Being thus called upon to describe his own character, he said, I am the voice of one crying in the wilderness, Make straight the way of the Lord, as said the prophet Esaias. This was the most humble description that he could give of himself. He considered himself to be merely a voice, that which is of itself an empty sound. But by this description he showed that he was willing to be made use of by his Proprietor, as a man makes use of his voice at his pleasure, to utter such words as he may think proper. He thus expressed his desire to be exclusively employed in promoting the glory of God. At the same time, he declared himself to be entrusted with an important message. He was the voice of one crying, Make straight the way of the Lord. As the voice of the Lord, he announced that the Lord, the Messiah, was at hand; and he called on all who heard his voice, to prepare to meet Him, and welcome His appearance.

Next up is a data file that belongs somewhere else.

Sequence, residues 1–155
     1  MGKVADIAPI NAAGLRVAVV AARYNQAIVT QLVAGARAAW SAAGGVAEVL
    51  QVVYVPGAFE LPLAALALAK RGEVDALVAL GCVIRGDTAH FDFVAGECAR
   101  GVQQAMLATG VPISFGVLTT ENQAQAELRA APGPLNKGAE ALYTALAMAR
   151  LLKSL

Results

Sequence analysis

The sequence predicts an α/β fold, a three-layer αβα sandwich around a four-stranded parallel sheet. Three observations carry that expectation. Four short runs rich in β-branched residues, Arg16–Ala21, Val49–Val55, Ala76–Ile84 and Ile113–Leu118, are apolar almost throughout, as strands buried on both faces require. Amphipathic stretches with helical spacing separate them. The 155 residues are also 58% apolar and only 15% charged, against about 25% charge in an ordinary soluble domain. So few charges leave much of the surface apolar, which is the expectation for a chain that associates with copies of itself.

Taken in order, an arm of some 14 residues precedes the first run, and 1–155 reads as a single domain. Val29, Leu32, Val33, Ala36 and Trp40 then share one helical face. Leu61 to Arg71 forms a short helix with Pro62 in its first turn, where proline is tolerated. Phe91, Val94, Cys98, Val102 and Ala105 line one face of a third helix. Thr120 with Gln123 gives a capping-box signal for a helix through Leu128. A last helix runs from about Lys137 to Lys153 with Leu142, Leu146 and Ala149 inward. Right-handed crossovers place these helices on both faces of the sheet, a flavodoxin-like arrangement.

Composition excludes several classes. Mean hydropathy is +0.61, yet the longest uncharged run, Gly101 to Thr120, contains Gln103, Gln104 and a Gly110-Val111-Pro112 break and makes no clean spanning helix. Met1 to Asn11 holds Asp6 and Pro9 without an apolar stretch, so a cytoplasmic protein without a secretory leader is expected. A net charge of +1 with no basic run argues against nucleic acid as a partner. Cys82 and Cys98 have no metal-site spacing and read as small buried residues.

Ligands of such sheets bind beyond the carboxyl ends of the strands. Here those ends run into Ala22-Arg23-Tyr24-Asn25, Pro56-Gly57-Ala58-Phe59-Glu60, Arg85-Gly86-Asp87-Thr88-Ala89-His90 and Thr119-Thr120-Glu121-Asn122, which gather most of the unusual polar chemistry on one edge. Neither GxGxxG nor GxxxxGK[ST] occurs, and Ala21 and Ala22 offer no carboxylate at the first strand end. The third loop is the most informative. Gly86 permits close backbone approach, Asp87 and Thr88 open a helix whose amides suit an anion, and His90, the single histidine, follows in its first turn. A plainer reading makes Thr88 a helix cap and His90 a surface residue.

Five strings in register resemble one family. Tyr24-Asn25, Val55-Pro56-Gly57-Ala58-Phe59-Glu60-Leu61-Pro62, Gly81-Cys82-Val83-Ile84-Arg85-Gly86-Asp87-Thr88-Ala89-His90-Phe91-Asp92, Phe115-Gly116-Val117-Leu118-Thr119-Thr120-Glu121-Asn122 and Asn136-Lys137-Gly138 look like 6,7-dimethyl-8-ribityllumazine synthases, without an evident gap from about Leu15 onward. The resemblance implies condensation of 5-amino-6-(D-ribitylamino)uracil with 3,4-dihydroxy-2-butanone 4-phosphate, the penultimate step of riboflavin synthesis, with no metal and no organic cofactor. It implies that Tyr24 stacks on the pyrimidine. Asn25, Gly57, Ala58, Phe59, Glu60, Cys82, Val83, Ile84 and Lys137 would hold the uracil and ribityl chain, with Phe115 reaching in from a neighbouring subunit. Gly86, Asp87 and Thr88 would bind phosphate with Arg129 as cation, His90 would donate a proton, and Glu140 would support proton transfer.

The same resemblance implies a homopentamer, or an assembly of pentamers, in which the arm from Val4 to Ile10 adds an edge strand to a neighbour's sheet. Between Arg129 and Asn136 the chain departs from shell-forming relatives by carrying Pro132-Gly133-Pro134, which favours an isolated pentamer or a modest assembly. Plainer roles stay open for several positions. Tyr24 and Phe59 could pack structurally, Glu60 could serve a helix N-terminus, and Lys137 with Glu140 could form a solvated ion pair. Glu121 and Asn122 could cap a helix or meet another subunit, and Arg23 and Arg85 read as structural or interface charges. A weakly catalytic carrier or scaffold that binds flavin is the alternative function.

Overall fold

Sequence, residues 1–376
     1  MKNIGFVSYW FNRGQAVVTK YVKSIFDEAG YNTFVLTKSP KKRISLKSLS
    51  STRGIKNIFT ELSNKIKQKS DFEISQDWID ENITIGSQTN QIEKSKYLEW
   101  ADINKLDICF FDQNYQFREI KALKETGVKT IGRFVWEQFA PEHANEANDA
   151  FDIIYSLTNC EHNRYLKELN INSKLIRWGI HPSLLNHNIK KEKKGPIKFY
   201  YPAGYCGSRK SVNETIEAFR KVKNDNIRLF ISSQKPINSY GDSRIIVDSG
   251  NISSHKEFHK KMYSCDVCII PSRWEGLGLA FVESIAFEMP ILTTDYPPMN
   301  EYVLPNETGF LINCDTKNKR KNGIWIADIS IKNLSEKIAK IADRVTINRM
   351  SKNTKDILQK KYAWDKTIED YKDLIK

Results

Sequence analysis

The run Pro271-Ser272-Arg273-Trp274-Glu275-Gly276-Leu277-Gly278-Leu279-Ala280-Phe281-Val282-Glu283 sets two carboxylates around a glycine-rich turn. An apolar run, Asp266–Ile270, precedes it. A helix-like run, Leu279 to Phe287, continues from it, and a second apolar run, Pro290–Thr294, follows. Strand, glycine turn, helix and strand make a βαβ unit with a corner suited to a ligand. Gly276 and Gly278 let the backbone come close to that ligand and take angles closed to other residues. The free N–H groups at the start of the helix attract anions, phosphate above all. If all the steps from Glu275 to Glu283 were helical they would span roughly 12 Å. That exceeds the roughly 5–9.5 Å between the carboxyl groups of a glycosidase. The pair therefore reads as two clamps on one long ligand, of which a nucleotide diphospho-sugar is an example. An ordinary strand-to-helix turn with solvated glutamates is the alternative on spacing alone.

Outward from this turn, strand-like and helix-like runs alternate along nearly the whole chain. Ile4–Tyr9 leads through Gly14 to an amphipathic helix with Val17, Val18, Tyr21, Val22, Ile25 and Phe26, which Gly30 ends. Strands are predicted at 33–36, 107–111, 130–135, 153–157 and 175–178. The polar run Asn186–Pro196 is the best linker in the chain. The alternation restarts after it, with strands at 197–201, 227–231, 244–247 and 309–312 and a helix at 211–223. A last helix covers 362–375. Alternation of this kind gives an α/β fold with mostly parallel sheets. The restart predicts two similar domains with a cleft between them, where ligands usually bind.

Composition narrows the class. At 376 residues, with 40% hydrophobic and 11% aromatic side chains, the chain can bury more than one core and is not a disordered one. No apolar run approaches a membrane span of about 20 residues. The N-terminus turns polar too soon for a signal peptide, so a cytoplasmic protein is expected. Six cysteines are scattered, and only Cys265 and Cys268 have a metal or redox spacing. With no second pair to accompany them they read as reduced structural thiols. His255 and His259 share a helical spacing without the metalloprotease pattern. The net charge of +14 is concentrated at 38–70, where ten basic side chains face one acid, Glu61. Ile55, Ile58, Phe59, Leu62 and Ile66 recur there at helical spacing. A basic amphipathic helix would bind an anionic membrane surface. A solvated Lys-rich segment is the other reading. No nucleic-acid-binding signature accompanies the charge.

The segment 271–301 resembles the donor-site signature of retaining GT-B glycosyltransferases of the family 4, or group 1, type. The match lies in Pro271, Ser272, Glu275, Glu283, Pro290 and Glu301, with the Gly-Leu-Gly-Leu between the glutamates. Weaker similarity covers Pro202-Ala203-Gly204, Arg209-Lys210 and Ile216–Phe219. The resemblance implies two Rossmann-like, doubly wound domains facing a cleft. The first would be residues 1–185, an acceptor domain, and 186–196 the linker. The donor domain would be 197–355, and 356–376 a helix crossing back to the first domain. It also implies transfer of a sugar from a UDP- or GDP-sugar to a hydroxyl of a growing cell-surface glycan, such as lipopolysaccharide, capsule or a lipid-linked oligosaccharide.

But as his office of making straight the way of the Lord implied an abasement of the proud, and an elevation of the humble, this was an object which the men who thus questioned him had no desire of accomplishing. For, as the Evangelist observes, They which were sent were of the Pharisees. The deputation consisted of persons who belonged to that sect of the Jews, the leaders of which were ambitious worldly-minded men, who were looking out for the temporal reign of the Messiah, with no other hope than that they might be thereby advanced to honour and wealth. They were therefore not at all satisfied with the Baptist's answer. It disappointed their expectations. They thought meanly of him, since he claimed no higher character than this for himself. They did not understand the prophecy of Isaiah,18 to which he referred them, that it was only another description of the forerunner of the Messiah.

And they asked him, and said unto him, Why baptisest thou then, if thou be not that Christ, nor Elias, neither that prophet? They repeated the honourable titles which they had been willing to give him, as if to tempt him to assume one of

18 Isaiah xl. 3.